I confess that on this particular June 4th I’m pleased to see Tony Hayward having quite an unpleasant time of it. If only somehow we could spread the malaise more broadly, across the globe’s Unaccountables. We know too well however, from historical memory, that he’ll one day “have his life back.” Like the clichéd African dictator who retires afterward to the French countryside – with only the Swiss bank accounts to remind him of home – Mr. Hayward will do fine, whilst the masses will be left to the business of living in the dirty wake of the mess that enriched him. That’s how it is in our age of Winner Take All.
Africa comes to mind for two reasons. One: it is this continent, and not the North American, which may lay claim to the world’s worst disasters of the crude variety. As Anene Ejikeme points out in today’s New York Times, “Experts estimate that some 13 million barrels of oil have been spilt in the Niger Delta since oil exploration began in 1958. This is the equivalent of one Exxon Valdez every year for 50 years.” Two: Africa is quietly being re-colonized and “re-Apartheided” (if I may coin an awkward term) by a dictatorship which on June 4 is recollected around the world for its Tiananmen massacre.
Neither examples one or two has received the attention in the West that British Petroleum now receives, but they are more useful indications than the Macondo spill of perils our species will face in the future. China has shown beyond any doubt that it has no regard for human life, that it cares nothing for the environment, and that it intends to flood territories it finds useful, from Tibet to Zimbabwe, with Han Chinese. As its appetite and boldness for acquiring both greater Lebensraum and resources increases, China (the world’s leading exporter of goods, the possessor of the largest foreign currency reserves, and the country with the most severe wealth polarization) will export ever more weapons, and it will back more and worse dictators throughout the world. In short it will export its totalitarian version of market socialism, its racism, and its contempt generally for human life.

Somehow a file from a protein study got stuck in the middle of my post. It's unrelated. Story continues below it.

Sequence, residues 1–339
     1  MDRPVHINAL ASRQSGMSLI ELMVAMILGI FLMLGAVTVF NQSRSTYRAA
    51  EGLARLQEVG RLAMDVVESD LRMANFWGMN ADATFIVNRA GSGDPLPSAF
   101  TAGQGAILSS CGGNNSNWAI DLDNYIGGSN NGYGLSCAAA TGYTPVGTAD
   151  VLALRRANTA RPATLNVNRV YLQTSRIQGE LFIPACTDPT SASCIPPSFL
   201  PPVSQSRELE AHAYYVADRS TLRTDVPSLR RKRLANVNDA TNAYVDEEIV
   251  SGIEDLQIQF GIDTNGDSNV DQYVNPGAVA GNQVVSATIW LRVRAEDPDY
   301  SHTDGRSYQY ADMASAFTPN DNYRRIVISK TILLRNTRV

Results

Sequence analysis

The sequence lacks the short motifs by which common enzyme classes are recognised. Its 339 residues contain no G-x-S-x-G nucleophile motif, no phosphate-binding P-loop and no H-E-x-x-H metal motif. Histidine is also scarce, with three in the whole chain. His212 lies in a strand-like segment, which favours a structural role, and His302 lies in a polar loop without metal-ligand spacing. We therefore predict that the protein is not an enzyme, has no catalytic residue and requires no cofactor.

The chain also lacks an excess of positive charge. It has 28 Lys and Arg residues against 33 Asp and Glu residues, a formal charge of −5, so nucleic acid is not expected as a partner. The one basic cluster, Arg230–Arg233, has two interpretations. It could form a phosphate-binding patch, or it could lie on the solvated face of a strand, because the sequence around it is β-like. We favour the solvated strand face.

In any war zone or dictatorship into which one may have looked in recent years, whether Sudan, Ethiopia, Eritrea, Zimbabwe, or Nigeria, the participation of China can be discerned. In Darfur, the Janjaweed militia kill with China-supplied AK-47 rifles and grenade launchers. In Equatorial Guinea, the Chinese government lavished a new capital upon long-standing dictator Teodoro Obiang Nguema Mbasogo, whose regime competes with Robert Mugabe’s for the title of Africa’s most corrupt. In Zimbabwe, it is China’s weapons and military equipment which have enabled Mugabe to crush his opponents.
True, you may say. But what about the Russian and British and American weapons? Well, we rightly denounce these and look with indignation upon the history of colonialism. How depressing it is, then, to contemplate the very likely prospect of a vigorous expansion of this project in the present century. The country best poised to dominate our planet for the foreseeable future is backward and wicked in every respect. Reactionary, barbaric, and obstinate on every issue of present concern, China is the land of vetoes, denials, obfuscations, and crackdowns, and so its approaching global rule promises disaster for the causes of human rights and social progress — as indeed it does for the very notion of progress itself.